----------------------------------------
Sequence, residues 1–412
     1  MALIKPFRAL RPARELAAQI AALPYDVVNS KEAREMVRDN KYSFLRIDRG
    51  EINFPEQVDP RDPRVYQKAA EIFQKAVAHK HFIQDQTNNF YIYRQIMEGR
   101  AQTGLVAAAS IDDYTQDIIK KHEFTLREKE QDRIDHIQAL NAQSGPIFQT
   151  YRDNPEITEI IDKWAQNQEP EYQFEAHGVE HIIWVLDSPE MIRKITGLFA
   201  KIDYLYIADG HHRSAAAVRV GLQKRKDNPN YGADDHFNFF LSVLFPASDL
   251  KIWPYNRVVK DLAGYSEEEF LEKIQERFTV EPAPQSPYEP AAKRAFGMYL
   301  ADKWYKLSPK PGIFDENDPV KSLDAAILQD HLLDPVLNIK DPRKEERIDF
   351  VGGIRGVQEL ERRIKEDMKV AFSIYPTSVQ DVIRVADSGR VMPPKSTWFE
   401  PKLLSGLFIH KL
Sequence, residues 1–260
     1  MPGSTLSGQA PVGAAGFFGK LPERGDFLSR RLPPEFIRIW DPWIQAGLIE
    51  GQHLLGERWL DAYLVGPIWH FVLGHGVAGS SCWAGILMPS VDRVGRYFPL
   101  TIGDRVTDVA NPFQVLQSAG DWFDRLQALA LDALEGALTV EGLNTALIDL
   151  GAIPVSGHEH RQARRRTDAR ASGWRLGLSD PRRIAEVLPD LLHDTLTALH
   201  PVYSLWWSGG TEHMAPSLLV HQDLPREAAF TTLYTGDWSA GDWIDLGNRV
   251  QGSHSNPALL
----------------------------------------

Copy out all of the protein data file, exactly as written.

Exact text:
Sequence, residues 1–412
     1  MALIKPFRAL RPARELAAQI AALPYDVVNS KEAREMVRDN KYSFLRIDRG
    51  EINFPEQVDP RDPRVYQKAA EIFQKAVAHK HFIQDQTNNF YIYRQIMEGR
   101  AQTGLVAAAS IDDYTQDIIK KHEFTLREKE QDRIDHIQAL NAQSGPIFQT
   151  YRDNPEITEI IDKWAQNQEP EYQFEAHGVE HIIWVLDSPE MIRKITGLFA
   201  KIDYLYIADG HHRSAAAVRV GLQKRKDNPN YGADDHFNFF LSVLFPASDL
   251  KIWPYNRVVK DLAGYSEEEF LEKIQERFTV EPAPQSPYEP AAKRAFGMYL
   301  ADKWYKLSPK PGIFDENDPV KSLDAAILQD HLLDPVLNIK DPRKEERIDF
   351  VGGIRGVQEL ERRIKEDMKV AFSIYPTSVQ DVIRVADSGR VMPPKSTWFE
   401  PKLLSGLFIH KL
Sequence, residues 1–260
     1  MPGSTLSGQA PVGAAGFFGK LPERGDFLSR RLPPEFIRIW DPWIQAGLIE
    51  GQHLLGERWL DAYLVGPIWH FVLGHGVAGS SCWAGILMPS VDRVGRYFPL
   101  TIGDRVTDVA NPFQVLQSAG DWFDRLQALA LDALEGALTV EGLNTALIDL
   151  GAIPVSGHEH RQARRRTDAR ASGWRLGLSD PRRIAEVLPD LLHDTLTALH
   201  PVYSLWWSGG TEHMAPSLLV HQDLPREAAF TTLYTGDWSA GDWIDLGNRV
   251  QGSHSNPALL